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Texas Ash and Very, Very Tiny White Bug

Posted by walnutcreek AHS Hardiness Zone%3 (My Page) on
Tue, Apr 10, 12 at 14:51

I noticed hundreds of butterflies on the Texas Ash in my front yard. Went to investigate what the attraction was. To my surprise, I found some curled up leaves on the ends of stems with tiny white forms in them and some on the stems. Later same somewhat larger forms crawling on the stems (looked as if they might have wings).

I love my Texas Ash and don't want it to be destroyed. I had an arborist come out and he is going to investigate to find out what the bug is.

Do any of you have any ideas as to what the bug could be?


Follow-Up Postings:

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RE: Texas Ash and Very, Very Tiny White Bug

I don't know, but I've noticed the curled leaves on the Texas Ash and some other things as well. What time of day did you see them? I found some worms (dark ones) out in the evening.


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RE: Texas Ash and Very, Very Tiny White Bug

The two most annoying things on ash trees here are leaf-footed bugs and a kind of sawfly larva...don't remember the exact species of sawfly, but the larva (worm) are whitish to light greenish. I had them recently on both Texas Ash and Arizona Ash. Butterflies? Seen any that look like Tiger Swallowtails? I am worried about the two species of tigers swallowtails we have in Texas. I've usually seen quite a few by now and fear they may have been wiped out in the state last year by drought and wildfires. I miss them!


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RE: Texas Ash and Very, Very Tiny White Bug

No, the butterflies were not Tiger Swallowtails. They were mostly bright orange with some black on the tips of their wings.

The tiny white bug was aphids. I had no ideas aphids attacked any kind of tree. I called an aborist to come out, then went to Google whatever I could find. Before the arborist got here, I found an article about aphids on Texas Ash trees and butterflies flocking to the trees. Eviently the aphids leaves some kind of sweet "honeydew," which is what was attracting the butterflies. The article even had pictures.

When the arborist came out and looked at the tree, I asked him if he thought they were aphids. He stated that they indeed were aphids and that the butterflies liked the "honeydew" the aphids left on the trees. The aphids destroy the brand new growth on trees, but evidently will not kill the tree - just makes it look ugly and not grow new growth due to the destruction the aphids cause.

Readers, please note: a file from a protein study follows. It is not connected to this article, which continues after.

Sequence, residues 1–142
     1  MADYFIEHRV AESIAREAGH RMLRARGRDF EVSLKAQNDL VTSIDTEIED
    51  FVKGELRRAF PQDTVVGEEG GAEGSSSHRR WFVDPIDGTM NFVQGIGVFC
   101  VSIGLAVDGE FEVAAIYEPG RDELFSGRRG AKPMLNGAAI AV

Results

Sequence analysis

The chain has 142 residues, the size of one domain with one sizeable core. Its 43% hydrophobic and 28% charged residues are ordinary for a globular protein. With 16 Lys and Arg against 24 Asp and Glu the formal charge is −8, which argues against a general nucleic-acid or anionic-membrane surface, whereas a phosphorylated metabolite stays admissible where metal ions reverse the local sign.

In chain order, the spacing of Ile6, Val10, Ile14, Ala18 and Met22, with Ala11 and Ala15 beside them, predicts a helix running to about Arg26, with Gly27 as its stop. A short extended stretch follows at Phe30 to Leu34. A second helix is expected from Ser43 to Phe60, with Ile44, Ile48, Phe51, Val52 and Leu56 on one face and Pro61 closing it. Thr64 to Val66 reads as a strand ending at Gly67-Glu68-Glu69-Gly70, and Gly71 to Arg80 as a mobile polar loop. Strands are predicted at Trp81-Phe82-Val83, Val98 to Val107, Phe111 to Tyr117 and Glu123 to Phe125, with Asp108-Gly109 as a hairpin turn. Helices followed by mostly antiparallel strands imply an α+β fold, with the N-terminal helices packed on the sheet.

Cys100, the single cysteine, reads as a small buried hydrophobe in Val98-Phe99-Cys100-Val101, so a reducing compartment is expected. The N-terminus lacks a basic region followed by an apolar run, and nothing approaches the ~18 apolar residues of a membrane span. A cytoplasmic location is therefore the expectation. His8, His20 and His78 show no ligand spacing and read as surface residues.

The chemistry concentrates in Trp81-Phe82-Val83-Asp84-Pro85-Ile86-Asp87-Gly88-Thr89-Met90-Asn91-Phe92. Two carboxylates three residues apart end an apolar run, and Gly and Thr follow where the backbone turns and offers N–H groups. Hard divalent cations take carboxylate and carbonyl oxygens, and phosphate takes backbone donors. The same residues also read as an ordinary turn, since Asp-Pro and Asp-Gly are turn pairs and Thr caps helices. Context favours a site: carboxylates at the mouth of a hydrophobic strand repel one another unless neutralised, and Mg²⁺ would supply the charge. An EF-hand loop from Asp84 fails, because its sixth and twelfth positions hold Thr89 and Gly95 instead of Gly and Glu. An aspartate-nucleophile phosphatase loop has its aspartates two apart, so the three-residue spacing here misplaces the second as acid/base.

Had to spray for aphids. Then decided to look at the tree in the back and found aphids on them, too, so sprayed. I will just continue to watch for aphids.


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RE: Texas Ash and Very, Very Tiny White Bug

I too have a beautifully growing Texas Ash shading my back southern-facing porch from the brutal Texas summer sun. I love butterflies and have studied them all my life and was quite surprised to see flocks of Hackberry butterflies and Red Admiral butterflies all over the ends of the branches feeding all day, since ash is not on the diet of either of those species. Quite a sight, but when I saw the curled up leaves I suspected something was attacking the tree. I assumed the butterflies were sucking up sap from the leaves, but y'all's posts have helped me - THANKS!!

Now to return the favor, since we know these are aphids, I have the perfect solution...LADYBUGS. These cute little insects are quite the predators and their favorite meal is aphids. I'm heading out today to a local nursery that sells them in a little mesh bag. All you have to do is put them in the refrigerator, where they go into a kind of "cryogenic" sleep until you are ready for to release them. Just take them out and they will come right back to life. I'm going to start releasing handfuls near my ash tree today.


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